License suspended or revokedEach State within the US has different laws regarding suspending drivers licenses, but generally they cover the same basics. For example, in Alabama you may not get your driver’s license suspended for non-payment of child support, but in California you will.

The laws vary state to state, but not to a great extent. If you tally up all motor vehicle laws from all the US States, there are approximately 50 ways to get your license suspended. It’s a wonder more licenses aren’t suspended. It’s important to point out the difference between getting your license suspended and having your license revoked. With a suspension there is a start date and end date.

You are restricted to a period of time when you would be illegal to drive a motor vehicle. If caught driving even an ATV or snowmobile you suffer the same consequences as driving a car, truck, motorcycle or any other road worthy vehicle. Even if you’re working for something like Hamilton plumbing company, driving their company vehicles to service clients, you are still responsible for your own drivers licence. At the end of the time appointed, you likely will go before a judge and have your permit reinstated. If revoked, however, this could set your life into turmoil since your license is taken away permanently.

You can wait for a period of a year – sometimes more time is required, depending on the State, and ask for your license to be reinstated, but the chances are slim to none that you will have your driving privileges returned. You can plea before a judge for partial suspension so you can still drive to your workplace, but you could easily be denied and find yourself on public transportation.

Suspending your license is done at the time you have garnered 12 points. The State awards so many points per moving violation. Once you’ve reached 12 points within a two year period your license is up for suspension. Driving with an alcohol level over .08, reckless driving or fleeing law enforcement, drag racing, driving 16 MPH over the speed limit all constitute high point awards. Lesser offenses that can add up are: careless driving, going 11-15 MPH over the speed limit, and sliding through a stop sign. Then there are the niglers we all incur from time to time: Driving 10 over, not using lane change signals, or neglecting to move to the far lane when seeing a vehicle pulled over the police. These can add up if you’re not mindful. If they do then it’s best you are taken off the road for your safety as well as others.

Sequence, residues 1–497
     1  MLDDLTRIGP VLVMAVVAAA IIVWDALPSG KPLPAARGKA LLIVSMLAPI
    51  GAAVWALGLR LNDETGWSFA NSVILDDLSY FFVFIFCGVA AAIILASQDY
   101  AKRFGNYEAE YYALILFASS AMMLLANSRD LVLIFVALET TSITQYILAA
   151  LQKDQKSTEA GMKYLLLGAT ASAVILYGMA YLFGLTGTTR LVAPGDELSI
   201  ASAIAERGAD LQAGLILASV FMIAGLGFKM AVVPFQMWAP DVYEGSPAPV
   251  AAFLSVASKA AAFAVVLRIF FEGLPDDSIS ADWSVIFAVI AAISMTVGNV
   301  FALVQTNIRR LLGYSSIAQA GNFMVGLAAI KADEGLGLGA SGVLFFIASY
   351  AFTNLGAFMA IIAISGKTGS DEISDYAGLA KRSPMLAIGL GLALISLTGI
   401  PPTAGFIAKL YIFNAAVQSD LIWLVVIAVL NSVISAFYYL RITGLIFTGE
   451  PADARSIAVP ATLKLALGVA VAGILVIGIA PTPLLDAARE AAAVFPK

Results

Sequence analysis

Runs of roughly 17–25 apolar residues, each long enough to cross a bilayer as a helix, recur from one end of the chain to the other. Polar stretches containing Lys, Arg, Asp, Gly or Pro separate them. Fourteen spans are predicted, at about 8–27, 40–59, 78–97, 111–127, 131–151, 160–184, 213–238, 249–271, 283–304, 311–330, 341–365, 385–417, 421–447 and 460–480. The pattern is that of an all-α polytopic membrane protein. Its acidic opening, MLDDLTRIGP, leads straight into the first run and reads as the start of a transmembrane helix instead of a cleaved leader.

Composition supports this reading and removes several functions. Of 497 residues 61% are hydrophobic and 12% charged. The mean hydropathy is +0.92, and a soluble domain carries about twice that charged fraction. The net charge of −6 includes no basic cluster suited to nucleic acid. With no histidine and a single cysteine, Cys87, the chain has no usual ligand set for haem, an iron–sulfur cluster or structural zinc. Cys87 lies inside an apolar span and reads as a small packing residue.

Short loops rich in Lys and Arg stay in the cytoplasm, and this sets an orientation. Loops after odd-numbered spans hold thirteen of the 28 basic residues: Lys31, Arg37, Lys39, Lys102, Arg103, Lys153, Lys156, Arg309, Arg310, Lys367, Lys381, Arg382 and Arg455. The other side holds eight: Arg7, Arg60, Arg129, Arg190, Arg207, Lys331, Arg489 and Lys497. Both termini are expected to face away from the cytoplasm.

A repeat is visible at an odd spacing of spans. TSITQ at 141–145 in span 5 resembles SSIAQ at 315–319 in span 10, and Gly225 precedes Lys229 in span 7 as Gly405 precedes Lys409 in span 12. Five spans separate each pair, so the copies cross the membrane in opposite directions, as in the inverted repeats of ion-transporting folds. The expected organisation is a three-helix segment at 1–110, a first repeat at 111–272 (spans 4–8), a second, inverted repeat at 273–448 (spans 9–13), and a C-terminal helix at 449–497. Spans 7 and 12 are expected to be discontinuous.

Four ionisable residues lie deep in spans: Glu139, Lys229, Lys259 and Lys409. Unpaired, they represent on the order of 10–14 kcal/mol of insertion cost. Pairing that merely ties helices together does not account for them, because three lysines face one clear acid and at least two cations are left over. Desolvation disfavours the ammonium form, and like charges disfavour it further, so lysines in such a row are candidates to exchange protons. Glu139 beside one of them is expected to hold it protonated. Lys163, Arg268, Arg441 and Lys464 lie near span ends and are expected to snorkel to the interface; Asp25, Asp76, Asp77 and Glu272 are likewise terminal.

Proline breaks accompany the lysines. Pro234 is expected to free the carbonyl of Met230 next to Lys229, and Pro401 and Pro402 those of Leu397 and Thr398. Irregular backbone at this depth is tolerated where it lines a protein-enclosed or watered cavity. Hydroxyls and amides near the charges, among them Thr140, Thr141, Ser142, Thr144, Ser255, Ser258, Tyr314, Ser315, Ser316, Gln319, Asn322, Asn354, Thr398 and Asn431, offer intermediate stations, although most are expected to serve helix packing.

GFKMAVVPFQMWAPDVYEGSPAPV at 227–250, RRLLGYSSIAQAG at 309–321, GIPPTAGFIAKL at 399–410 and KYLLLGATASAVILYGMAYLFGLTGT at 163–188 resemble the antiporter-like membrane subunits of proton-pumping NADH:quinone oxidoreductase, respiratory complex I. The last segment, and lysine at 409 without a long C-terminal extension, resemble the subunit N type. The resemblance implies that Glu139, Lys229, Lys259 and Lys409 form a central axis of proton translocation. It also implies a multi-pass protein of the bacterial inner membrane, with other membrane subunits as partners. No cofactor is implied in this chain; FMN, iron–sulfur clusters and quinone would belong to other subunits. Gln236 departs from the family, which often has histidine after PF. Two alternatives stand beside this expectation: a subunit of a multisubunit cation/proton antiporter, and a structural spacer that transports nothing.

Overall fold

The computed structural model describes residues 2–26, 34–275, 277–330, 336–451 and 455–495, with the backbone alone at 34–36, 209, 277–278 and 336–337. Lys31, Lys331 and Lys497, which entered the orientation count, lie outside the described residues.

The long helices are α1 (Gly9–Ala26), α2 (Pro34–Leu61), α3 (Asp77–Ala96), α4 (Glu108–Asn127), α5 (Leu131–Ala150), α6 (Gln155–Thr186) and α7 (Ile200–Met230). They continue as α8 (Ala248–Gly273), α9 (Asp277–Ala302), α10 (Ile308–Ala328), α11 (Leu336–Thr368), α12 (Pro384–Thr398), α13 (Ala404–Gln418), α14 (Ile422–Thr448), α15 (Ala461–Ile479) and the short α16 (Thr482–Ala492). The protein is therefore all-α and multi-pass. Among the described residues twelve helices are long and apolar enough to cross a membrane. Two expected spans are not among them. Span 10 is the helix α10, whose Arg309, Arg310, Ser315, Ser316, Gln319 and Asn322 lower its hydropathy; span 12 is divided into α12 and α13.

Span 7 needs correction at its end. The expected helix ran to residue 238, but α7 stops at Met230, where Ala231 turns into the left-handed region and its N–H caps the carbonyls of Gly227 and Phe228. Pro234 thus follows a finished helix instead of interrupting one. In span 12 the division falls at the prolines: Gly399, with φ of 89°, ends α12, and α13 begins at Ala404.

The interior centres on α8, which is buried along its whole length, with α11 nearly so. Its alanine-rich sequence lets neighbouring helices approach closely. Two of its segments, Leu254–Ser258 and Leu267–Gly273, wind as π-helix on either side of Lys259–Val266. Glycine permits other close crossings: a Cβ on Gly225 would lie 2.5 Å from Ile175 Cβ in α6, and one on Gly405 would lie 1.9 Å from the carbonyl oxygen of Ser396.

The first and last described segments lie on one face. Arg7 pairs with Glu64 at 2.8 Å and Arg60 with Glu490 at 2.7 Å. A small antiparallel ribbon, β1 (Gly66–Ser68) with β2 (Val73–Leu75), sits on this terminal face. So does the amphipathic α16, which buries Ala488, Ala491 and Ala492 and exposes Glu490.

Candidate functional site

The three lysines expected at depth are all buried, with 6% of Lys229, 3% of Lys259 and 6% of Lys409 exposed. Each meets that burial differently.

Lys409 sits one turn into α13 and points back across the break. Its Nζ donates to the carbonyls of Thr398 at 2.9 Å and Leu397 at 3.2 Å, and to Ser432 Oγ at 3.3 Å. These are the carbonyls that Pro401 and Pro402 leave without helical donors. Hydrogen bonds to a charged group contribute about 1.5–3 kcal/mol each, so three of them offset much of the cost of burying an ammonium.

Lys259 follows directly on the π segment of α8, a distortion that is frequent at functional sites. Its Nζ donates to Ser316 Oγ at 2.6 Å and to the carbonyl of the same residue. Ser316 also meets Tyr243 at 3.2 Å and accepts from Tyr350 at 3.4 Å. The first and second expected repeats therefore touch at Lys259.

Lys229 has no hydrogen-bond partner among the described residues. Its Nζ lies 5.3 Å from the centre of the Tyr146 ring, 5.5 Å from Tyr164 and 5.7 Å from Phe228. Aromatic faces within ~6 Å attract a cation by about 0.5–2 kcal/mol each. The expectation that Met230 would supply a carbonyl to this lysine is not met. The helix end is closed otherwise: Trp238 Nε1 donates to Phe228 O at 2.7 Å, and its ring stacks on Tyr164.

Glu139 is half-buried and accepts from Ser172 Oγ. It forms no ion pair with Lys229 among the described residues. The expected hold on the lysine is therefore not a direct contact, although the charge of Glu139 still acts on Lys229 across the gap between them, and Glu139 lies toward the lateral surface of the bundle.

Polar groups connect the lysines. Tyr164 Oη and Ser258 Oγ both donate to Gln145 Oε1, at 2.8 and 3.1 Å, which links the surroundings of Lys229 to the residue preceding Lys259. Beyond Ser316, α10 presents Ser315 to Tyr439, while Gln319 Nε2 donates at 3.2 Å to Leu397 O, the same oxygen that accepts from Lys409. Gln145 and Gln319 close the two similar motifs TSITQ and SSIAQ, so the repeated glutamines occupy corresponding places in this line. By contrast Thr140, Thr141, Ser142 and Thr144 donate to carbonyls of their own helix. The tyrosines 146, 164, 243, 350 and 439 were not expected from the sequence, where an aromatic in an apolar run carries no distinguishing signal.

Although a bundle of smaller point tickets might not be as bad as a couple of big whoppers, it will depend on how the State views your overall driving record. You will be called in for a reassessment exam where they will take into account the seriousness of the situations that led to the points. They will consider whether or not you accumulated your points in rapid succession or over a period of the two years. They will assess your character and ability to hold a job. Essentially they will calculate your risk to society and reassess your abilities to decide whether or not to begin the drivers license restoration process.

There are people who think it’s sport to mess with the law, usually the young and reckless with Teflon egos. However, they ultimately end up paying a huge price. We all have an occasional ticket, but making a game of it certainly is not in anyone’s best interest. It’s really not difficult to drive responsibly. The high speed, stunt driving we see in the movies is exactly where it needs to stay. On-screen entertainment trumps purchasing real life bus passes any day.